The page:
Our national leaders are sending U.S. soldiers on a task that is from God. — Sarah Palin, June 2008

As a Christian I have no duty to allow myself to be cheated, but I have the duty to be a fighter for truth and justice. — Aldolf Hitler

What does he actually seek to accomplish, after he’s done turning back the waters and healing the planet? The answer is to reduce the strength of America in a dangerous world. Terrorist states are seeking nuclear weapons without delay. He wants to meet them without preconditions. Al Qaeda terrorists still plot to inflict catastrophic harm on America. He’s worried that someone won’t read them their rights? – Sarah Palin on Obama, Sept. 2008

A writer observed: “We grow good people in our small towns, with honesty, sincerity, and dignity.” I know just the kind of people that writer had in mind…. They are the ones who do some of the hardest work in America … They love their country, in good times and bad, and they’re always proud of America.  – Sarah Palin at the Republican convention, Sept. 2008, quoting Westbrook Pegler, the racist, fascist, pro-Nazi, anti-semitic, pseudo-populist journalist/writer who openly wished for the assassinations of Franklin D. Roosevelt, John F. Kennedy and Robert Kennedy.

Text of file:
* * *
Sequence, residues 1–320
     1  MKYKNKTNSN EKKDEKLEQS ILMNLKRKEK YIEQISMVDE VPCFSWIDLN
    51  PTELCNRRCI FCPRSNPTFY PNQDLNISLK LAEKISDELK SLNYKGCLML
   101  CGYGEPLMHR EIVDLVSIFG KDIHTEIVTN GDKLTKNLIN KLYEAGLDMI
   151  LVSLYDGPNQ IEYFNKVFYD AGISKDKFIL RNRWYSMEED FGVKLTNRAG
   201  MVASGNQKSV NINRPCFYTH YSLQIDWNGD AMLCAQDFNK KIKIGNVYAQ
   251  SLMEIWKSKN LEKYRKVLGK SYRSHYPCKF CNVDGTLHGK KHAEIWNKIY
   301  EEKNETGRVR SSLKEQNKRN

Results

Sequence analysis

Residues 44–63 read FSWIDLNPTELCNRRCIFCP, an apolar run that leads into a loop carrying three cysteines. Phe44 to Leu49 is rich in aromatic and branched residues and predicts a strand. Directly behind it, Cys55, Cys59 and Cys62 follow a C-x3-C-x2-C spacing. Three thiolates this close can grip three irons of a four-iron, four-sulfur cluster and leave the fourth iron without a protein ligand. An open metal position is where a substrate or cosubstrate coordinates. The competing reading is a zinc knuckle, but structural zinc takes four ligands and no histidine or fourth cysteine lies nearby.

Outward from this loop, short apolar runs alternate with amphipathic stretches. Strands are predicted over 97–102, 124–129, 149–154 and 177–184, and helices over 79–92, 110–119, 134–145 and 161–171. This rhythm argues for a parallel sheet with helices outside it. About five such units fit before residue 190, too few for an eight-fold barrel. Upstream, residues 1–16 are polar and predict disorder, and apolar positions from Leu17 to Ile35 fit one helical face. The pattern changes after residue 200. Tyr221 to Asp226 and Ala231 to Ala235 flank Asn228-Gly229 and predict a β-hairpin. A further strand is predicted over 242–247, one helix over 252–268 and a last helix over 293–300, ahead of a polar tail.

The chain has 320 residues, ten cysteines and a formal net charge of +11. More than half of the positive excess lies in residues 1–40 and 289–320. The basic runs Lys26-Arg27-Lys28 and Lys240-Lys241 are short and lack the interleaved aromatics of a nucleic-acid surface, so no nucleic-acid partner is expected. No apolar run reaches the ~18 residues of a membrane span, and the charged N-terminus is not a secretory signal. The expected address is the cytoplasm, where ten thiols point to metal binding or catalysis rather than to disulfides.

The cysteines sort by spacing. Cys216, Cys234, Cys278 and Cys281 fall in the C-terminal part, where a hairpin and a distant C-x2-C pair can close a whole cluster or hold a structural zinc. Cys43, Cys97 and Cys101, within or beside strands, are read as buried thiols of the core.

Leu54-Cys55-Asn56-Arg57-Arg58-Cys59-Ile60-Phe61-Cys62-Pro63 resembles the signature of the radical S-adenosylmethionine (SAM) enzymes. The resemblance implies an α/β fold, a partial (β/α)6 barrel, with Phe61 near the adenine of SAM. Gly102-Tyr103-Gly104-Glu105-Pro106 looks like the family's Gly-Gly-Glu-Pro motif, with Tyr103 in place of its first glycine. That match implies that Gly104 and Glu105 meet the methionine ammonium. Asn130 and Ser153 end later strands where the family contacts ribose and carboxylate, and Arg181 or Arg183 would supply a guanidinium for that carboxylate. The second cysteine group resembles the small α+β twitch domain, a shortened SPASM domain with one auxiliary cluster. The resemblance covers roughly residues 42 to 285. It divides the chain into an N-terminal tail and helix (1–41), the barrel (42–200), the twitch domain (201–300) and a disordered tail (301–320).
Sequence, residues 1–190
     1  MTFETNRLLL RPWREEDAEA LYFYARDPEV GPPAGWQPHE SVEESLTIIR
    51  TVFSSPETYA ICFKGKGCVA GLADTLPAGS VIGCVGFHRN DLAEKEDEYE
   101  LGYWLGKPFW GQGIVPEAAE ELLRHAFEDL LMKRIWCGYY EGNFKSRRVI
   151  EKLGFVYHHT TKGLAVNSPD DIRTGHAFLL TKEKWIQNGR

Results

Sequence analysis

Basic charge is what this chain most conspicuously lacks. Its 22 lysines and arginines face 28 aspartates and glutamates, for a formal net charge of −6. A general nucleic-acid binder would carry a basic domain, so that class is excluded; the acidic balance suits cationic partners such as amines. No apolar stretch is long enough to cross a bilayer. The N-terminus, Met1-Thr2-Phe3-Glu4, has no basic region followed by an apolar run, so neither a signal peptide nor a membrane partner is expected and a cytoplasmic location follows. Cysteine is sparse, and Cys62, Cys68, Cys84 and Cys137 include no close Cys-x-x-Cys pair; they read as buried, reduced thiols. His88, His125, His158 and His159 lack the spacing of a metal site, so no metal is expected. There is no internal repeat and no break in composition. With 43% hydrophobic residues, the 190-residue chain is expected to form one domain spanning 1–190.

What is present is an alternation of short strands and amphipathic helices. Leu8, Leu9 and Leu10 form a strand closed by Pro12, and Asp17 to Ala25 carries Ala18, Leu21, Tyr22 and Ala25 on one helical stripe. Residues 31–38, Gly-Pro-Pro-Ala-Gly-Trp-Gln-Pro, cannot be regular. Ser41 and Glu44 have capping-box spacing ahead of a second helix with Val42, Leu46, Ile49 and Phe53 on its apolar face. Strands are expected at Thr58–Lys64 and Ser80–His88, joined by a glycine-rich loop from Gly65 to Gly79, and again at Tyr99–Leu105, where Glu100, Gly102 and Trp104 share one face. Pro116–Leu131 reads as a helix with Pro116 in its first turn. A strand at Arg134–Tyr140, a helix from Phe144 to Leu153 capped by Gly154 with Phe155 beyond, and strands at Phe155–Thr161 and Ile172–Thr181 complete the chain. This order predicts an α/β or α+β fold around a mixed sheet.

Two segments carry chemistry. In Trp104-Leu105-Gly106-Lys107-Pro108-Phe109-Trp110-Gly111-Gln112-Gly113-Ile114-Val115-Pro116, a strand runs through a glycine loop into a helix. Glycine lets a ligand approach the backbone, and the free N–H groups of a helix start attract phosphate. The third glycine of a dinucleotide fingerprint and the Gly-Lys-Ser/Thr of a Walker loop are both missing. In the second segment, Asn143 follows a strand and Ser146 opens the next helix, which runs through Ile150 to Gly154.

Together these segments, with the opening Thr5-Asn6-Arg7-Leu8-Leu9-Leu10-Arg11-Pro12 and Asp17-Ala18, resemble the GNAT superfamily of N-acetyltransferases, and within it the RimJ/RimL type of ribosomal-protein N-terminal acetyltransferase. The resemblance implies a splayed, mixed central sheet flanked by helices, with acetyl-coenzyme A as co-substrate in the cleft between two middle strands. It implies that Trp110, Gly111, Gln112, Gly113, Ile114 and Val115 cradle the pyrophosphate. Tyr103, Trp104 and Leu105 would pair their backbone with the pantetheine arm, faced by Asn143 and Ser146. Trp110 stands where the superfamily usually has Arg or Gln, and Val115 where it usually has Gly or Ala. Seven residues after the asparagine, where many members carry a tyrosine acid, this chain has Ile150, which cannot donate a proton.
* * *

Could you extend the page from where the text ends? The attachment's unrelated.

We believe that the best of America is not all in Washington, D.C. We believe…. We believe that the best of America is in these small towns that we get to visit, and in these wonderful little pockets of what I call the real America, being here with all of you hard working very patriotic, um, very, um, pro-America areas of this great nation. This is where we find the kindness and the goodness and the courage of everyday Americans. Those who are running our factories and teaching our kids and growing our food and are fighting our wars for us. Those who are protecting us in uniform. Those who are protecting the virtues of freedom. — Sarah Palin, explaining an early comment regardings areas of the country that are “pro-America” vs. those parts of America that are not. — Oct. 16, 2008

We believe also that there is a reason we all get teared-up when we hear Lee Greenwood sing about America, because we love America and we are always proud of being Americans. And we don’t apologize for being Americans. — Sarah Palin, October 16, 2008

McCarthyism is Americanism with its sleeves rolled. — Joseph McCarthy during the McCarthy era